Cervical Plexus

Chapter 17 Cervical Plexus

The cervical plexus is formed by the ventral rami of the upper four cervical nerves, and it supplies some neck muscles, the diaphragm and areas of skin on the head, neck and chest (Figs 17.117.3; see also Fig. 11.10). It is situated in the neck opposite a line drawn down the side of the neck from the root of the auricle to the level of the upper border of the thyroid cartilage. It is deep to the internal jugular vein, the deep fascia and sternocleidomastoid, and anterior to scalenus medius and levator scapulae. Each ramus, except the first, divides into ascending and descending parts that unite in communicating loops. From the first loop (C2 and C3), superficial branches supply the head and neck; cutaneous nerves of the shoulder and chest arise from the second loop (C3 and C4). Muscular and communicating branches arise from the same nerves. The branches are superficial or deep. The superficial branches perforate the cervical fascia to supply the skin, whereas the deep branches generally supply the muscles. The superficial branches either ascend (lesser occipital, great auricular and transverse cutaneous nerves) or descend (supraclavicular nerves). The deep branches form medial and lateral series.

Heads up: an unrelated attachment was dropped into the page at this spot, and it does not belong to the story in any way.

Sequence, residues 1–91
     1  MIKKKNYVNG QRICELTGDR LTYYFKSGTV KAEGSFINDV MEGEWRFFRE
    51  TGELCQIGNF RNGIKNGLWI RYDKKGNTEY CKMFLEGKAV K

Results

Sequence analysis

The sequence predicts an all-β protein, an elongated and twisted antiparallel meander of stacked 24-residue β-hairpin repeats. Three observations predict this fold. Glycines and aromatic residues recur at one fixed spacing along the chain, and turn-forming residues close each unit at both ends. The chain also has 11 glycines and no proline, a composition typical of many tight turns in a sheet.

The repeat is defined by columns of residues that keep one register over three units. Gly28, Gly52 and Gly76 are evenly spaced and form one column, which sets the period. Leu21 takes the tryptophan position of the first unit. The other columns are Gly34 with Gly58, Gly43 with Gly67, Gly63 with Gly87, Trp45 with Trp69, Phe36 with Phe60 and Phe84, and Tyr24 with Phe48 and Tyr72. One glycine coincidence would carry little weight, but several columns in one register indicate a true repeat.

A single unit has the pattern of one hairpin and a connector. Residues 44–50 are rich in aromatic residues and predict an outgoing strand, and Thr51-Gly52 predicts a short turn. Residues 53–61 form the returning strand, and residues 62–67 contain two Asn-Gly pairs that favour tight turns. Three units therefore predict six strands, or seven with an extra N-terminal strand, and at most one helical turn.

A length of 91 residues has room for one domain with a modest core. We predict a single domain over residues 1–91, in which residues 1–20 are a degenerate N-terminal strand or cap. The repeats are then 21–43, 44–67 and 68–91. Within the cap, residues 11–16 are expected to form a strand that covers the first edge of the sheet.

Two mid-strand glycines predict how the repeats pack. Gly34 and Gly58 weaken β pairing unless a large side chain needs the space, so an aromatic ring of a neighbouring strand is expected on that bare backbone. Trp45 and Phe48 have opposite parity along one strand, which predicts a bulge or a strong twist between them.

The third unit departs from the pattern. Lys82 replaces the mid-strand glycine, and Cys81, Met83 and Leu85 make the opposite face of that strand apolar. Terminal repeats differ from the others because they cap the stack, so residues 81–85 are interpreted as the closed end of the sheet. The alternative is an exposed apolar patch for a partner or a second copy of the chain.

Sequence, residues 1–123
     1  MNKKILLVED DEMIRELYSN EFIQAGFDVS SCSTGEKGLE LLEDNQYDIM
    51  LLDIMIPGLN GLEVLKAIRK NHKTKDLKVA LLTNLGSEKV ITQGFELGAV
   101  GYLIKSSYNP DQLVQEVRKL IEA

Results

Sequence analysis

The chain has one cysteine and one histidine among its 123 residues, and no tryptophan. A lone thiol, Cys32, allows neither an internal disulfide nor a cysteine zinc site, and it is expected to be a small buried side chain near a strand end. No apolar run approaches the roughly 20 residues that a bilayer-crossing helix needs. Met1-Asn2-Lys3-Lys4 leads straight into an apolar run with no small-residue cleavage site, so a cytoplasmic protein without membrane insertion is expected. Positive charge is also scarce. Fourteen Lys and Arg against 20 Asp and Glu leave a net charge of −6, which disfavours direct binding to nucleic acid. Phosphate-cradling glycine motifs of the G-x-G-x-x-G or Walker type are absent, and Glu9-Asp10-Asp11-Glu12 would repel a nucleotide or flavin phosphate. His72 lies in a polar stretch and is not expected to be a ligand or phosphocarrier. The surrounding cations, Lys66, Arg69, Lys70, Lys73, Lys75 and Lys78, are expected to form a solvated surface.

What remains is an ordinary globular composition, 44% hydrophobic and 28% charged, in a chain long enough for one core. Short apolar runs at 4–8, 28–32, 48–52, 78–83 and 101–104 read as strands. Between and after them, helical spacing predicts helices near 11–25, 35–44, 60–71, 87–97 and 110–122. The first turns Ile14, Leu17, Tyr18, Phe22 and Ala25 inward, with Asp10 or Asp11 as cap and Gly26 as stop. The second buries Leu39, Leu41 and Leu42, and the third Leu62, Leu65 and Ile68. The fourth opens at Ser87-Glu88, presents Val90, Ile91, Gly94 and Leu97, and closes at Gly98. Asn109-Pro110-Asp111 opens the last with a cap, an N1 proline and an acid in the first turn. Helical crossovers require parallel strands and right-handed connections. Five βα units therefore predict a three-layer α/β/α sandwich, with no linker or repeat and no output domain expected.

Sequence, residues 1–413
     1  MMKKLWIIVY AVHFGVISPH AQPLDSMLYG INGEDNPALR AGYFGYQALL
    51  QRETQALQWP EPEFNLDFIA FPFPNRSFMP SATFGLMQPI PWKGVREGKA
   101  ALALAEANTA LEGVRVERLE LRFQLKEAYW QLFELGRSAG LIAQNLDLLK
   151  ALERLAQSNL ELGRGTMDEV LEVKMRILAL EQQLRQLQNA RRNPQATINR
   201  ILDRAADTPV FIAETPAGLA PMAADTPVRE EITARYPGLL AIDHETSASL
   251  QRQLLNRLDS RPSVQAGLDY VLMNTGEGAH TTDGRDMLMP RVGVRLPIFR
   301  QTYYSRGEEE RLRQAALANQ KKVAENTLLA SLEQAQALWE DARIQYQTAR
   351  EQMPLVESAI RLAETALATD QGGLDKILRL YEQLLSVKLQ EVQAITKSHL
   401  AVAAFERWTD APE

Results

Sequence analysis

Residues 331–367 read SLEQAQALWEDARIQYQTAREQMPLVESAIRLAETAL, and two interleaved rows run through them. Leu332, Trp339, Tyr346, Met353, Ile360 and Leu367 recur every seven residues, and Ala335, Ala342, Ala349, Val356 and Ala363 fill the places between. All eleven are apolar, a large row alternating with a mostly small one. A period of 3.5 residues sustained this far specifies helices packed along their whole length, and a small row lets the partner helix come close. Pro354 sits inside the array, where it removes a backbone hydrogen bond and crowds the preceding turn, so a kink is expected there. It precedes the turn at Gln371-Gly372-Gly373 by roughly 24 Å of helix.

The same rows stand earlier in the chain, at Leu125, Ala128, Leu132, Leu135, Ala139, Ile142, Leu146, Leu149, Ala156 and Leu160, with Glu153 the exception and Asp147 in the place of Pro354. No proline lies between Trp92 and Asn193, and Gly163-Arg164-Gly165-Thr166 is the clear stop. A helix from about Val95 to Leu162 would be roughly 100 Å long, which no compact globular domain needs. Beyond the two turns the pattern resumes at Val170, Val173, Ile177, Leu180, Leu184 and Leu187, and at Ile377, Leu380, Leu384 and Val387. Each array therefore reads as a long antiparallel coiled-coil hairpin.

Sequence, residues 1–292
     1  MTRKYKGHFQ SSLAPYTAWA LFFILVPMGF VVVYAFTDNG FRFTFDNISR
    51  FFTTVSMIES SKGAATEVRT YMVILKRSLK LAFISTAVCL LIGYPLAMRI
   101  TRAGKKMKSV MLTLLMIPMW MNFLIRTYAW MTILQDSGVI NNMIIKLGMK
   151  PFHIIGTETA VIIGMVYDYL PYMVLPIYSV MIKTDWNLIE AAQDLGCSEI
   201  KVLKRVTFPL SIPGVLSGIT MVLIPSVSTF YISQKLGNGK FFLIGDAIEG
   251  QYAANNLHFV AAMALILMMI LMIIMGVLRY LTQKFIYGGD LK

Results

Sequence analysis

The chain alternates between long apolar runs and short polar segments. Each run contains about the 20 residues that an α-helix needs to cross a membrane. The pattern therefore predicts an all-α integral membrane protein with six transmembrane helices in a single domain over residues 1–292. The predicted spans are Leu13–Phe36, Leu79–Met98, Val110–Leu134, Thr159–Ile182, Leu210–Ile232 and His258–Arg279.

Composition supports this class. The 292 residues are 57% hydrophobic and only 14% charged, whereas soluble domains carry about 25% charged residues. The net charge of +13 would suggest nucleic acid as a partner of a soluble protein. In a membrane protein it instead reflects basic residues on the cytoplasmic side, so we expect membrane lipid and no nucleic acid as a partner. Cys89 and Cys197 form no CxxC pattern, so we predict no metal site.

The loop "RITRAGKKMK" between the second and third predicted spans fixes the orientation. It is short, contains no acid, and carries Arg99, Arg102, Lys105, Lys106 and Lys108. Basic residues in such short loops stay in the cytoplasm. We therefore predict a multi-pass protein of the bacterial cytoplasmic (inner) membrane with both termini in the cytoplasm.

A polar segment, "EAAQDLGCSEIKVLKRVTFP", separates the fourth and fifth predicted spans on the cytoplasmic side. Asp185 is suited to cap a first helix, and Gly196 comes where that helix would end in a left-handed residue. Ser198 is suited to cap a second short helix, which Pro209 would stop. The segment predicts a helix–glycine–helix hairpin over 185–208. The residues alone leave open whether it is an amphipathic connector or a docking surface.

Stay updated, free articles. Join our Telegram channel

Aug 14, 2016 | Posted by in NEUROLOGY | Comments Off on Cervical Plexus

Full access? Get Clinical Tree

Get Clinical Tree app for offline access